> me to use the 24vac transformers I originally wanted but it would still be

> more voltage than I need.

>

> I read somewhere that if you want to have no output capacitor, you need

> two

> transistors on the input/driver stage. That is, the driver I have now will

> respond to ambient temperature changes and the output voltage will change.

> If I did away with the output cap and set the voltage at 0v, it could be a

> problem to keep the DC away from the speaker.

>

> With a long-tailed input stage, apparently the second transistor (the one

> that does not receive the input signal) will balance the changes in the

> first if temperature changes.

>

> Are you suggesting I change the whole design? I'm open to the idea if it

> will get me a better amplifier. Keep in mind that this is a "practice"

> amplifier to get ready to build the 50w amplifier that will sit in my

> living room. My main desires for this amp are low distortion and good

> frequency response. The amount of power I've pushed through it as-is is

> more than ample for my needs.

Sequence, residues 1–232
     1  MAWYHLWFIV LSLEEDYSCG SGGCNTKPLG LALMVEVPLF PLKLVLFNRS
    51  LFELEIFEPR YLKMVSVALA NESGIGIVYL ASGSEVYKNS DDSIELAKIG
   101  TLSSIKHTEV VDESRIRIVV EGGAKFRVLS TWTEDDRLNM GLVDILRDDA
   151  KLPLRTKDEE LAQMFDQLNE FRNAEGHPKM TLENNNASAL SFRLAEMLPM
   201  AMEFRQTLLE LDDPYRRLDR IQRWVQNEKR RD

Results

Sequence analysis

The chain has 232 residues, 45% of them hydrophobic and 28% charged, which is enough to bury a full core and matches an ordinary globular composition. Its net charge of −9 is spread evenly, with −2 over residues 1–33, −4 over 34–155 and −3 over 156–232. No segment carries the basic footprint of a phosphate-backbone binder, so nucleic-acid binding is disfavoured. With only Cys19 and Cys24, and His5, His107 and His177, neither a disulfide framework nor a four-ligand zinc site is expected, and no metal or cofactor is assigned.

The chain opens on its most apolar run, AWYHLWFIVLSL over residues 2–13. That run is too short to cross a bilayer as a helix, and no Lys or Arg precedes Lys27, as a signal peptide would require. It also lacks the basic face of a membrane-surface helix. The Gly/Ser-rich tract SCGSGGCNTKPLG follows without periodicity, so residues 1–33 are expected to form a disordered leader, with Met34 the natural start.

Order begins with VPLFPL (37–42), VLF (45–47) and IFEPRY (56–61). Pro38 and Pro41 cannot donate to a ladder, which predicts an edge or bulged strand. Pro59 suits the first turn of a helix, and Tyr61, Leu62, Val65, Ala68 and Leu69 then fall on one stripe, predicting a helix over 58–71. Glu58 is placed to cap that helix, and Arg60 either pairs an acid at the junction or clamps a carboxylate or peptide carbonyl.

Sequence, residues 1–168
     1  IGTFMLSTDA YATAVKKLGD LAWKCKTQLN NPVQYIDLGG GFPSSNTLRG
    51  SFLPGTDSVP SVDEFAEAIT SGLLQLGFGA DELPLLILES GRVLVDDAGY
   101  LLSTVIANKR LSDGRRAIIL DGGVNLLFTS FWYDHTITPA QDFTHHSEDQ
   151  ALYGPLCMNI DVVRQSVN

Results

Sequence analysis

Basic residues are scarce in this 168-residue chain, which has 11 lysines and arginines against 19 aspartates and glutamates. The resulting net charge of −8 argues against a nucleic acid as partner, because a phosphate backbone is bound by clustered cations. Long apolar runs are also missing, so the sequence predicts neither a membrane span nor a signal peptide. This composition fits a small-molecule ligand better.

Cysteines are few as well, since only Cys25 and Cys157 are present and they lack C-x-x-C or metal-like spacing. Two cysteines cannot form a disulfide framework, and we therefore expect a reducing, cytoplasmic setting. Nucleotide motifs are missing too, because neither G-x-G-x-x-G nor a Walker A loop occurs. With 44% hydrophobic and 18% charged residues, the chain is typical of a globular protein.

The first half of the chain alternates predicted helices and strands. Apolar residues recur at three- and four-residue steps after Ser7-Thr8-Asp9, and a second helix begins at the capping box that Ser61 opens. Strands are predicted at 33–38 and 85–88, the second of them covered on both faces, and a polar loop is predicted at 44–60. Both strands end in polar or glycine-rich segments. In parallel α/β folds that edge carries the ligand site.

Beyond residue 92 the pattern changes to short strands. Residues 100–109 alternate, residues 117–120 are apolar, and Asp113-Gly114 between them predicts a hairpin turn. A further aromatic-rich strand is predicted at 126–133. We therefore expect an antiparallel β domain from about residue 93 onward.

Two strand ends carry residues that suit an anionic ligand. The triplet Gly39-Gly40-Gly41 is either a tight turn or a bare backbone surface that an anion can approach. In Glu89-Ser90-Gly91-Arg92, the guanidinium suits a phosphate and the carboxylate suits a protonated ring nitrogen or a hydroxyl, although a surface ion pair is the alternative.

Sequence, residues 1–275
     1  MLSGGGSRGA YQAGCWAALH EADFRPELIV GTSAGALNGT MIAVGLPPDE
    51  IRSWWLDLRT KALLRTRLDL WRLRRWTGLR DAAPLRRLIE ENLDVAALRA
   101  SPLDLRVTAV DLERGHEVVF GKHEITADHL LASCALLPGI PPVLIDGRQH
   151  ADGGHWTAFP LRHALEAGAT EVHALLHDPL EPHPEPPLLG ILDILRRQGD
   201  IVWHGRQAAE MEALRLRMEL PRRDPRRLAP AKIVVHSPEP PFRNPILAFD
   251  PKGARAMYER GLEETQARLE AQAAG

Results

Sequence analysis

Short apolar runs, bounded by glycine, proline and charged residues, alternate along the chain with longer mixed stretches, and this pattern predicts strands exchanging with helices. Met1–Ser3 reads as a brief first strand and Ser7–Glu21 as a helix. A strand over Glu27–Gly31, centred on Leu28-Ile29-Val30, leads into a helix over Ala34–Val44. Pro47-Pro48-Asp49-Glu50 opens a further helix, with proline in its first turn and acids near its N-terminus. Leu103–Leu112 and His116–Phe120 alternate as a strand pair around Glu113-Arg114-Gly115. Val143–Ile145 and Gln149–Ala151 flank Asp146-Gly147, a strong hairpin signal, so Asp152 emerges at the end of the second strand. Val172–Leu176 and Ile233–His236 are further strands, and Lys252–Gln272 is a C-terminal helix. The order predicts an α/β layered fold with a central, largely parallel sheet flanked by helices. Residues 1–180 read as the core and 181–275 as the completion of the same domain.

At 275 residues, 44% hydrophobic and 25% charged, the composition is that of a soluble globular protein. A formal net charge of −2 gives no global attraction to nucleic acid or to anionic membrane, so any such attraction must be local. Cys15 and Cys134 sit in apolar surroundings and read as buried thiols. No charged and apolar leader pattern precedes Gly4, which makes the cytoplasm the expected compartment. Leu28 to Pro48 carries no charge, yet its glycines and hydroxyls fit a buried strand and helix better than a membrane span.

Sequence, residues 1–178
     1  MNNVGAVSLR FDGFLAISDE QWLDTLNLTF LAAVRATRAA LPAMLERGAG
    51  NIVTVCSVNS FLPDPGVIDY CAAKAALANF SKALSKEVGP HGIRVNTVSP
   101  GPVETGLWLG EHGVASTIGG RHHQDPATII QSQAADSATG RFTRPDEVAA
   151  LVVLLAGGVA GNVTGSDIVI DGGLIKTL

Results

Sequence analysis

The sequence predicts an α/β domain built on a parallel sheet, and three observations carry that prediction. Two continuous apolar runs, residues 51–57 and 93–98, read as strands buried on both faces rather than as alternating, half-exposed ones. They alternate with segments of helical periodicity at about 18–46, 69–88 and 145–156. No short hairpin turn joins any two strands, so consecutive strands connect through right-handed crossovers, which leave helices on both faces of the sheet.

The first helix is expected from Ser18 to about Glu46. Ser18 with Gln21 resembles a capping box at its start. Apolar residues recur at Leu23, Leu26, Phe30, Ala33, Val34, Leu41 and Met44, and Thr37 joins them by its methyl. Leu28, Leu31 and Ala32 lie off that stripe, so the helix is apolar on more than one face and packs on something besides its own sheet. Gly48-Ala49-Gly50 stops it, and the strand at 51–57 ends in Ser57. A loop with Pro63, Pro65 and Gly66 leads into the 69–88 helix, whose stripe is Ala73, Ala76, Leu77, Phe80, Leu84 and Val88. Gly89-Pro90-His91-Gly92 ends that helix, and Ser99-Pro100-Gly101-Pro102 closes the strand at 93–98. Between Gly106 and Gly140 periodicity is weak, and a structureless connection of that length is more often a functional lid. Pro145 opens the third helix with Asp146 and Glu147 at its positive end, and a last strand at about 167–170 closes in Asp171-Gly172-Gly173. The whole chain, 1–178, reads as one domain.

>

> Thanks for the $0.02. They make excellent tie points (if they're the solid

> copper or copper alloy pennies). All you have to do is epoxy one to a

> wooden spacer and drill some holes in it around the edges. They also make

> good transformer washers.

>

> Ed

>



----------------------------

#550 Jan 16, 2012

That's pretty much what I wanted to know. Still, I want to build *this* amplifier like I'm going to build the 50w and make the only necessary change to be the power supply. In the larger PA I may use more protection circuitry.

I do want to try and implement a relay-delay adapter in order to protect the speakers from that thump. Apparently it's a big thing.

Ed

On Mon, Jan 16, 2012 at 11:33 AM, Max Robinson max@...> wrote:

.Hi Ed.



Granted, you would have to add one or more transistors to the design to be

able to reference the input to ground so the output DC could be stabilized.

If simplicity is what you are after the circuit is fine. It worked fine in

silicon amplifiers from about 1960 to 1975. I always sort of missed that

turn on thump that was the identifying characteristic of the Heathkit AR-15.



Regards.



Max. K 4 O D S.



Email: max@...



Transistor site www.funwithtransistors.net